Panasonic vs. LG: Who Delivered the Sharper Image in Media?

Optimedia's Antony Young on Who Was Better Prepped for Digital TV Switch

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Antony Young
Antony Young
June 12, 2009, TV's equivalent to Y2K, will see broadcasters throughout the country switch off their analog TV transmitters to broadcast entirely in digital. In the past year, households have had to get themselves digital-ready -- one bright spark for a consumer-electronics industry hammered by the recession. Unit sales of digital TV sets in 2009 will reach nearly 35 million, up about 8% from 2008. The category is flooded by a multitude of Japanese, Korean, European and Chinese brands. While consumers are all too ready to compare side-by-side prices, technology and design, we like to think that marketing and promotion still helps influence brand choice. Panasonic and LG, two brands battling to pull out in front of the pack and compete with established market leaders Sony and Samsung, employed different media strategies. Let's see how they did.


5 stars Outstanding/innovative
4 stars Highly effective
3 stars Good
2 stars Disappointing
1 star A disaster

Communication strategies

The two consumer-electronics marketers had similar advertising budgets but didn't deploy them the same way.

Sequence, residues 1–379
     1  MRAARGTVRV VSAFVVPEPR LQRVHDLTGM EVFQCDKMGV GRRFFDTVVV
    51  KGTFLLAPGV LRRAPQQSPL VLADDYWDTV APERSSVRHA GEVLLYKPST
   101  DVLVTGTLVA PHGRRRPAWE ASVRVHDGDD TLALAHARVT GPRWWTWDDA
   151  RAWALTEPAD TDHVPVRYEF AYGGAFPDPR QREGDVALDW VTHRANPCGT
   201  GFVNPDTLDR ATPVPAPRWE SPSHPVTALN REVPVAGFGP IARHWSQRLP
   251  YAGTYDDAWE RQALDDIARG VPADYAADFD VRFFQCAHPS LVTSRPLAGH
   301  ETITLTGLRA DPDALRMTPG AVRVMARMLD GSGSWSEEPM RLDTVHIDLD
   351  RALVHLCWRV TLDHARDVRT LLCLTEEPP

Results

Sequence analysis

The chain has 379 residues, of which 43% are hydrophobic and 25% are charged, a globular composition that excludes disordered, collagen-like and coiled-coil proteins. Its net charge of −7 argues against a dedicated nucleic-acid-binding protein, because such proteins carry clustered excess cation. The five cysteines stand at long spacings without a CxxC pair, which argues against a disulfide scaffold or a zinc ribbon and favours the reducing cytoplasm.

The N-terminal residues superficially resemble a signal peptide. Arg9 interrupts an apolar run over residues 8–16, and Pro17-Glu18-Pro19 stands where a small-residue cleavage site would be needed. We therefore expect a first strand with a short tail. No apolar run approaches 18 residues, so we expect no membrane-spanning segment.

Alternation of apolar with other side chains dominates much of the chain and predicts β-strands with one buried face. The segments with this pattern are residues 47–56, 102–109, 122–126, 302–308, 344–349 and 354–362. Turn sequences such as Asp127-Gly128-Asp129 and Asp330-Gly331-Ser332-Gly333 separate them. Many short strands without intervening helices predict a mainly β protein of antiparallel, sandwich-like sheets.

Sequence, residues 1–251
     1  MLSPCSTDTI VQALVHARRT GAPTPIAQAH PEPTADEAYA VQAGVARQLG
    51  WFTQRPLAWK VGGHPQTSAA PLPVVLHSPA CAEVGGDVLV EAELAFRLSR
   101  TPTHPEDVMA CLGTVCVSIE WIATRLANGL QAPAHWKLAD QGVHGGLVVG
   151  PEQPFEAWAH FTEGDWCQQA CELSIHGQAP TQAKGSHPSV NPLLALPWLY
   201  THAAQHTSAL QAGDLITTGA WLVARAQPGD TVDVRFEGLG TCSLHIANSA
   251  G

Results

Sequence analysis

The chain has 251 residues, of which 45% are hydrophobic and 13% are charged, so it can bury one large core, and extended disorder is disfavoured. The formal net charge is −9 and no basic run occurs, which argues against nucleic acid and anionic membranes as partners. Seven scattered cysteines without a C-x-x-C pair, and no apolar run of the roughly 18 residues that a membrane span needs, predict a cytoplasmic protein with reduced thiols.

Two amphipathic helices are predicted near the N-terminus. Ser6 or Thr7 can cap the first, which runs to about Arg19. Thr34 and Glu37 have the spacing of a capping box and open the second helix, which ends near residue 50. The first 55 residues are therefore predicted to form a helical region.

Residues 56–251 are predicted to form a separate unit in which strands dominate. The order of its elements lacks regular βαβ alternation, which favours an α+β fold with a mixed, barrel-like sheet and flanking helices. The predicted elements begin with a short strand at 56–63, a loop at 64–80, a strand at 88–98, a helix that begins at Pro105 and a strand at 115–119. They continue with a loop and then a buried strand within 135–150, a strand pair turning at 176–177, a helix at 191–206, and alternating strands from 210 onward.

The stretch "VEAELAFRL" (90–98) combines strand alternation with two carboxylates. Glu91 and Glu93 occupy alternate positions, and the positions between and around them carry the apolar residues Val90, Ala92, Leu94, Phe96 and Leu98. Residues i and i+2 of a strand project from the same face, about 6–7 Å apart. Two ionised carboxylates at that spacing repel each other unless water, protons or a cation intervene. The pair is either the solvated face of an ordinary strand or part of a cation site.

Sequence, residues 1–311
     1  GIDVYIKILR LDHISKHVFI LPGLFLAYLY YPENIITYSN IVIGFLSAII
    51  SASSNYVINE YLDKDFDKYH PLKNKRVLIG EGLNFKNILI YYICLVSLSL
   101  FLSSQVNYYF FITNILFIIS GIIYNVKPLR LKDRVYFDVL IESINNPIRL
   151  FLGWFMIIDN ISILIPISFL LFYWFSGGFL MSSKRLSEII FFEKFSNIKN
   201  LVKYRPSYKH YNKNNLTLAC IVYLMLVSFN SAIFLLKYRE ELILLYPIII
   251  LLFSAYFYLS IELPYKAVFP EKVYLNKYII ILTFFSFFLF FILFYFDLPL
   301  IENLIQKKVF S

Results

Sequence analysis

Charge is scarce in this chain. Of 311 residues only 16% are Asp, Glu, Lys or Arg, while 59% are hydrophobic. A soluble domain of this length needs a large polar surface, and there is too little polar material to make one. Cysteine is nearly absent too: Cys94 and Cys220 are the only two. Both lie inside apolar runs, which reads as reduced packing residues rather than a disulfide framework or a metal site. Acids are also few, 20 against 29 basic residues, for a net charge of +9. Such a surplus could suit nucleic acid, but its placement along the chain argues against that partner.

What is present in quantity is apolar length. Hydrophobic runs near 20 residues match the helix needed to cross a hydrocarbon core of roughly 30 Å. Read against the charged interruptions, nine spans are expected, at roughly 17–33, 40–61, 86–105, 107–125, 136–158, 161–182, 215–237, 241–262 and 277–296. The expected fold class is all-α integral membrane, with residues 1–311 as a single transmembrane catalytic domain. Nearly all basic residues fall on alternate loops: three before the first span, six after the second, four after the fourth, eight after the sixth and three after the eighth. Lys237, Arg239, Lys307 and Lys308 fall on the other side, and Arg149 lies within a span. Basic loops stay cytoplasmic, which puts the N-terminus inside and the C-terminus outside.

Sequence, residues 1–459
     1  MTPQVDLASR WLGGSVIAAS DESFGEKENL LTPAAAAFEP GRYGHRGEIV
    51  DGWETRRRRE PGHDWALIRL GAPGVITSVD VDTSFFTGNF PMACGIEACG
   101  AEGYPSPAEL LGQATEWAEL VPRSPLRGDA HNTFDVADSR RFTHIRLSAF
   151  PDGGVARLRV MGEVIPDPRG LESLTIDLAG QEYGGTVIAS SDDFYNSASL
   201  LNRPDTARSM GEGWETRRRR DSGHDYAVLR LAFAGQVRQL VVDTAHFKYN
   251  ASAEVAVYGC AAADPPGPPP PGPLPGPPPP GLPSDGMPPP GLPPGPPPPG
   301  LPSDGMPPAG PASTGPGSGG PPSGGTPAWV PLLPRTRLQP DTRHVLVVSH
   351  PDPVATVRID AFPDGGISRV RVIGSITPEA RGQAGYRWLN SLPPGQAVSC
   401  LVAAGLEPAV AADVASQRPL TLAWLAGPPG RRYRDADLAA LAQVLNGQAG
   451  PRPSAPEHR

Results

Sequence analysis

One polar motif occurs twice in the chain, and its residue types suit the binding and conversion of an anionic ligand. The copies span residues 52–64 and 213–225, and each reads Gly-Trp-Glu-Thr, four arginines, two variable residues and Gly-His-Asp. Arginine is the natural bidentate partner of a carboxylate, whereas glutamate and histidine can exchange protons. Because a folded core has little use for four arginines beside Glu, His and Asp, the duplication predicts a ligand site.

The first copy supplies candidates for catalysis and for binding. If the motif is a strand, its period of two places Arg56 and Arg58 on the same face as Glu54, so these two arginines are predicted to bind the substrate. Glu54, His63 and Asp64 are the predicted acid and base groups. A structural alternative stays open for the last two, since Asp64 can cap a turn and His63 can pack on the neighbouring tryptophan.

LG Epicurious
Panasonic promoted its HDTV line Viera through a branded "Living in High Definition" marketing campaign that used TV, newspapers and online social media. It also capitalized on its global status as official consumer-electronics sponsor of the 2008 Summer Olympics and, domestically, of Major League Soccer. Its media mix in the past 12 months heavily skewed toward national newspapers (44%, according to TNS Media Intelligence), cable TV (17%) and online display (14%).

LG's advertising strategy is developed globally and then localized for domestic markets. For many years "Life's good" has dominated LG's messaging for all its various product offerings. In January 2009, LG partnered with Conde Nast Media Group and introduced a slightly different catchphrase -- "Life looks good" -- into the creative global messaging of LG's TV line. Its media mix in the U.S. skewed more heavily to magazines (49%) and national TV (35%).

CES strategy

Panasonic 4 stars
LG 3 and a half stars

CES in the first week of January is the electronics industry's equivalent of Detroit's Auto Show. It's a major marketing event designed to showcase product innovations and create buzz, with the likes of Microsoft CEO Steve Ballmer, Sony Corp.'s Howard Stringer, Intel's Craig Barrett and even Ford Motor President-CEO Alan Mulally descending on the annual Las Vegas event.